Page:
Wednesday, December 03, 2014
Sergeant Davis and his partrol eventually return on 8 June 1941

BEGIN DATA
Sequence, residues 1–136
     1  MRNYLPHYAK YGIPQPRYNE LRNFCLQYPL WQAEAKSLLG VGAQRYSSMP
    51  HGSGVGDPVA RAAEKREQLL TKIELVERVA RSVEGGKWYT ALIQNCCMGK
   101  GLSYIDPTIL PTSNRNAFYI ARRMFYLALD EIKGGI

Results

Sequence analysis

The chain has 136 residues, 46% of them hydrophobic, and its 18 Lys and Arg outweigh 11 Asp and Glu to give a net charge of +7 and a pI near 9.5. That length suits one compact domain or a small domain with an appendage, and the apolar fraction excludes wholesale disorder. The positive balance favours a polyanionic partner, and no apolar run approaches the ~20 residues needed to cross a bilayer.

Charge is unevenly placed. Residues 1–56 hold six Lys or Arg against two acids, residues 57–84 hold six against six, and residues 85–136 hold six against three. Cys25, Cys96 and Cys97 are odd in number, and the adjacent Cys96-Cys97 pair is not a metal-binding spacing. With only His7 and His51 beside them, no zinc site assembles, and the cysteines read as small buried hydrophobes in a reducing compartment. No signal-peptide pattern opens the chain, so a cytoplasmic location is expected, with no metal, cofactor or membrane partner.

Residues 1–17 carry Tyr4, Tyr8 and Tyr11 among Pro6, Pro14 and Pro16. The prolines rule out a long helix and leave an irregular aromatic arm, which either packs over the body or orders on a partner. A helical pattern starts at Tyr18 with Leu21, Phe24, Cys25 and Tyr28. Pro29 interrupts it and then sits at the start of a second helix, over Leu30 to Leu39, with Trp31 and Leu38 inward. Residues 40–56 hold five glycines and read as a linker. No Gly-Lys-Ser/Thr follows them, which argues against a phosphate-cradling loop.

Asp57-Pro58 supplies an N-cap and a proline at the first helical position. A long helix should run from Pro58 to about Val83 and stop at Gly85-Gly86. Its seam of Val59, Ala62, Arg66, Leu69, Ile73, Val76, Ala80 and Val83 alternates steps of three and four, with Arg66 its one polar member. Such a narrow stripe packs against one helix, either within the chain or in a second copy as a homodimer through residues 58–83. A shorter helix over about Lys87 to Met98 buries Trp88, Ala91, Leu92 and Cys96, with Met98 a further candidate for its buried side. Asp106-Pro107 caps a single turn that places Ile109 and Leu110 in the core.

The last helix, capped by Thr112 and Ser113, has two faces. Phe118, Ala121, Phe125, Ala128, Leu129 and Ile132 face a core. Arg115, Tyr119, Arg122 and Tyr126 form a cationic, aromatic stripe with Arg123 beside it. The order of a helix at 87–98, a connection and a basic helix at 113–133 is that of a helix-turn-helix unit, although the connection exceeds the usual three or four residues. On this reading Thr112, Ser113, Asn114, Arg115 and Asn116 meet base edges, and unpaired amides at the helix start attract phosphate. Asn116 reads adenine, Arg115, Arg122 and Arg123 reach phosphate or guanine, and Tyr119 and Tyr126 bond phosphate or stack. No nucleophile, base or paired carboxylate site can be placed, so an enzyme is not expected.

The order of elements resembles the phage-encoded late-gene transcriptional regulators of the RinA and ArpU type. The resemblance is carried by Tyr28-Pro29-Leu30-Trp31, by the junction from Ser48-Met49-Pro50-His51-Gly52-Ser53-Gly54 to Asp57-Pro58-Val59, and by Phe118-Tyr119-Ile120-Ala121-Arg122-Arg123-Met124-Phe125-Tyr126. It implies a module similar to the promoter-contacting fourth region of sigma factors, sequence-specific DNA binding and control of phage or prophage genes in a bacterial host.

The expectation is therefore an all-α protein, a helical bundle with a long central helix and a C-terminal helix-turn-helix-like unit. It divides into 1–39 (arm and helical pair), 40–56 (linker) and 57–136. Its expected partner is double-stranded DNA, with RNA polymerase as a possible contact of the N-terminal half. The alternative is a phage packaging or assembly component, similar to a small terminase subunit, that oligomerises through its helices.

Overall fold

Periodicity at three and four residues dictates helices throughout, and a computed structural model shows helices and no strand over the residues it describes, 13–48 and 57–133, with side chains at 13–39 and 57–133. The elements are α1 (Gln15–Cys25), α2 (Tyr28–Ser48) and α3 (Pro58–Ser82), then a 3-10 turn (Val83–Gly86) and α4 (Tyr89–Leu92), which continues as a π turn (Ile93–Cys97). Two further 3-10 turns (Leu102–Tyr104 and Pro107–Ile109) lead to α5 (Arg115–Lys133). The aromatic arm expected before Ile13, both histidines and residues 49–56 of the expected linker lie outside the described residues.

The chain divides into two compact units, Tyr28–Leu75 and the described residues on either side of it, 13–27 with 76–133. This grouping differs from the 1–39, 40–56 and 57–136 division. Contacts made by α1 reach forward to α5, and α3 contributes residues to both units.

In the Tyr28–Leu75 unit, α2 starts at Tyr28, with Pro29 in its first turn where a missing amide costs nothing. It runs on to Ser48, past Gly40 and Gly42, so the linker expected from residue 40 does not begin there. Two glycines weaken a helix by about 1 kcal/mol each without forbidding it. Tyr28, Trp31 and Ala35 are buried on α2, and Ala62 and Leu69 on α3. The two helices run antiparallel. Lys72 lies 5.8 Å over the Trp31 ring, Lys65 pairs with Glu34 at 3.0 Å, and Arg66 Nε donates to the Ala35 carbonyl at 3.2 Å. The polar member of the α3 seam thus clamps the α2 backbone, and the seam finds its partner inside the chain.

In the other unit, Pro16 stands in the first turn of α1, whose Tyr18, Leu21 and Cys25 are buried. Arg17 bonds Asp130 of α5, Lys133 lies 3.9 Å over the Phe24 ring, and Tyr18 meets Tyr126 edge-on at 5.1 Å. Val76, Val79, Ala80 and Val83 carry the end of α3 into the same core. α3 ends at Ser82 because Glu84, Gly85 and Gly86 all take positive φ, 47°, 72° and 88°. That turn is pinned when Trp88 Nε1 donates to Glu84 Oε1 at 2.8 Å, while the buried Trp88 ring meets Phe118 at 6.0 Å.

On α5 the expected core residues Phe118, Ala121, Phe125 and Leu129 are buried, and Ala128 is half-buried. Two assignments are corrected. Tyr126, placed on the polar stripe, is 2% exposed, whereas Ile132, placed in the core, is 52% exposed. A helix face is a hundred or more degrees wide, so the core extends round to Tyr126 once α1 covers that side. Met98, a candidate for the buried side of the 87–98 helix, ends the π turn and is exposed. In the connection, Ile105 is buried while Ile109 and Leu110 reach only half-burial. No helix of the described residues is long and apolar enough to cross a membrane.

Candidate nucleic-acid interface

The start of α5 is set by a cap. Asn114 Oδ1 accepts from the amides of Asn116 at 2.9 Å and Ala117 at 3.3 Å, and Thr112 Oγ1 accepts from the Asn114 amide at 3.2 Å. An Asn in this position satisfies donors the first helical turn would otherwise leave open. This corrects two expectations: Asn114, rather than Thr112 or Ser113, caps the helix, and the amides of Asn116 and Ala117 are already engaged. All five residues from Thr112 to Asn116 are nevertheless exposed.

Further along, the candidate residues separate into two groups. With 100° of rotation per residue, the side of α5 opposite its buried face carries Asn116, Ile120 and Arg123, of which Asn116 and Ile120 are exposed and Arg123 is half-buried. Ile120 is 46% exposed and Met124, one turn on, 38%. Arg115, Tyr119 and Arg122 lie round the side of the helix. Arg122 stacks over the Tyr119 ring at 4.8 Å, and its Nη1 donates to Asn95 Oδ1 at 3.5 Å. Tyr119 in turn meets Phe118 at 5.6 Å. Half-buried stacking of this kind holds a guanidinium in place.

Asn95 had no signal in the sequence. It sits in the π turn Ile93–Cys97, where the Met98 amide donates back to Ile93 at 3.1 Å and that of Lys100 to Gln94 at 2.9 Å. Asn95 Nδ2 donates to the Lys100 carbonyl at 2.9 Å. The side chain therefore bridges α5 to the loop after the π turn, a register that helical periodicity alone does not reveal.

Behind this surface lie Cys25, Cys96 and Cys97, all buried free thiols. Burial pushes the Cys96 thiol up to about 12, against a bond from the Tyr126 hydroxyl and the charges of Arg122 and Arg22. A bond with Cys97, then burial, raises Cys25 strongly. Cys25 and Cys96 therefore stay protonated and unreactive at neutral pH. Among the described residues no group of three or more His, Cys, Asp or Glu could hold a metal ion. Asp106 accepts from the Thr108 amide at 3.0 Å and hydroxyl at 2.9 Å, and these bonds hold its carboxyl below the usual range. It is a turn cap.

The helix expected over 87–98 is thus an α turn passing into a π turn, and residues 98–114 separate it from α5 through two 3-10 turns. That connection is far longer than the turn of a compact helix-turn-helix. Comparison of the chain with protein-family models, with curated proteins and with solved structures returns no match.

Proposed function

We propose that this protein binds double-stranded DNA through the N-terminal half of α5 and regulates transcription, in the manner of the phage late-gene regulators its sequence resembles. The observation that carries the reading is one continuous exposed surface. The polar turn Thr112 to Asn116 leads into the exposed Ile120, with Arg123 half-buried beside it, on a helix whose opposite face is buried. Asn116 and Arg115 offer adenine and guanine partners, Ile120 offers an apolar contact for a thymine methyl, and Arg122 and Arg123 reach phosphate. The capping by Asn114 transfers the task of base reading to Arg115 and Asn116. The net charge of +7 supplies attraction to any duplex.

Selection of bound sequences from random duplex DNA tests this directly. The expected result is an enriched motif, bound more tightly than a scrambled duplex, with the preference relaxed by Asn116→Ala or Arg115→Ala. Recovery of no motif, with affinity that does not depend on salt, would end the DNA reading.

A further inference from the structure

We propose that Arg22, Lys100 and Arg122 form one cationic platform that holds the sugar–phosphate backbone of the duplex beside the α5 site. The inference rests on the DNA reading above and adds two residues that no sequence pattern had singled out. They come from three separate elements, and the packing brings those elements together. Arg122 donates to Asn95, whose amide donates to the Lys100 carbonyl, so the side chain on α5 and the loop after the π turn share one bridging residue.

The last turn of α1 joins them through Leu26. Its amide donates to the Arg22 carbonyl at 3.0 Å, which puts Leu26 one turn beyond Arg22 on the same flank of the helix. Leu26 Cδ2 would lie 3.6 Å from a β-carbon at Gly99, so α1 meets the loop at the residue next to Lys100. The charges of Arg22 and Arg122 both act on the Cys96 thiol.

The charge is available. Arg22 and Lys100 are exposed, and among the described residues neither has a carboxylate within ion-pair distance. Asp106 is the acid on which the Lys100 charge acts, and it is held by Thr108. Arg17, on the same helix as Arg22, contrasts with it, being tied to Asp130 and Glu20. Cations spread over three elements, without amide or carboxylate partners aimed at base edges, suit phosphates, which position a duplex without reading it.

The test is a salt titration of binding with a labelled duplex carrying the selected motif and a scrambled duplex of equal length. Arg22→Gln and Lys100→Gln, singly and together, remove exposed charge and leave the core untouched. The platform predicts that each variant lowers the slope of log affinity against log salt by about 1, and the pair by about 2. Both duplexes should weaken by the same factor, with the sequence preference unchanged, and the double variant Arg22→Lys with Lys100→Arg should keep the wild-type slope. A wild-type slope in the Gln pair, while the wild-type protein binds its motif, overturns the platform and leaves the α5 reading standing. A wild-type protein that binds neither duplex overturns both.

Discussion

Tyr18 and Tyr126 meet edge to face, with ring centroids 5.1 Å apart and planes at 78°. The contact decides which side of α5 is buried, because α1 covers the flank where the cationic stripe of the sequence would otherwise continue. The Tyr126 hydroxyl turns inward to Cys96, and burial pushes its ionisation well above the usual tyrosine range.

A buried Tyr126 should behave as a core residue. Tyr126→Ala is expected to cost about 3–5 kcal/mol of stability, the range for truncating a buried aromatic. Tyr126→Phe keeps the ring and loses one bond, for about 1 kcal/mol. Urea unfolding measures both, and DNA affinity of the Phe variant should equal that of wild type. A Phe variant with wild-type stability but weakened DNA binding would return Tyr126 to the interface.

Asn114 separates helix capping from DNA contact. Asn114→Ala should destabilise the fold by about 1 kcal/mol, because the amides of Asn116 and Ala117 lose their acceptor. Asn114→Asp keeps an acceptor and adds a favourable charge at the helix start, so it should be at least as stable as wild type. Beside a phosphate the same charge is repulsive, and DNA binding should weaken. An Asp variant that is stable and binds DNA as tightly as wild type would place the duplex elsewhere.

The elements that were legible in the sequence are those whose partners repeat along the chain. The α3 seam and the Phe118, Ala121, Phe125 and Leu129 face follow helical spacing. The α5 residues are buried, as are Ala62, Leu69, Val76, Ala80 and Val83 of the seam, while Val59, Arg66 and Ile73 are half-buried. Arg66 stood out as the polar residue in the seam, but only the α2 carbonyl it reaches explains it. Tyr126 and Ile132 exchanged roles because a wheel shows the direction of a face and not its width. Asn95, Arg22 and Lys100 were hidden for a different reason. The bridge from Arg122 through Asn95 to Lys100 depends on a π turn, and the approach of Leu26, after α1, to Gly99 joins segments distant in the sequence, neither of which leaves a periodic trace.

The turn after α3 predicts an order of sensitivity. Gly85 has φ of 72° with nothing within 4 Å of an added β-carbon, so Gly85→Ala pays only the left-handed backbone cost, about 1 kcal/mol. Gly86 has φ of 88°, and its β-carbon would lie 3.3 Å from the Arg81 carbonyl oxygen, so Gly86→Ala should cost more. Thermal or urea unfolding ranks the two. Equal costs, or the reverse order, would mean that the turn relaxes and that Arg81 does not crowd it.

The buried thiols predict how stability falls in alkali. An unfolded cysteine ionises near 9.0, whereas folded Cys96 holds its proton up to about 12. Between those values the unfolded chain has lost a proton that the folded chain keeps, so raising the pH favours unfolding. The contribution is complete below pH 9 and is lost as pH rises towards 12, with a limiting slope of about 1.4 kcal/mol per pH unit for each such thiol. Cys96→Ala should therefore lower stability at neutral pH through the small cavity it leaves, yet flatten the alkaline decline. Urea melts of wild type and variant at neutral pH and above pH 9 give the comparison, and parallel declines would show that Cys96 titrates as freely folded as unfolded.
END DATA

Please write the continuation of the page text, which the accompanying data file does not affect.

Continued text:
By about 5am on 8 June 1941, Sergeant Davis decided to climb a nearby hill that would command the bridge over the Litani from the west side. He had his patrol and four French prisoners. They had taken five rifles and a machine gun. Davis hoped to hold the hill until his battalion got closer and then he would attack. This was early in the Australian attack on Syria and there was increasing firing and movements. The French civilians were moving north from the attack. There were French troops moving south to the battle. The French moved some men to the east of the river to deter Davis and his men. Gradually, more troops arrived and moved onto the overlooking heights near the bridge. The French blew the small bridge at 3pm and the main bridge at 4pm. Davis and his men were too few to interfere. An Australian soldier carrying an anti-tank rifle appeared. He had been at Khirbe the previous night and was lost, trying to find his unit. He had been hit on his head and was disoriented. They sent him downstream to find a place to cross the river. As it got dark, Davis and his men moved to a hill. In the morning, they crossed the river and headed south. After more adventures, including finding the corporal who had been hit on the head, they reached their battalion headquarters. This is based on the account in Vol.II of the Australian Official History.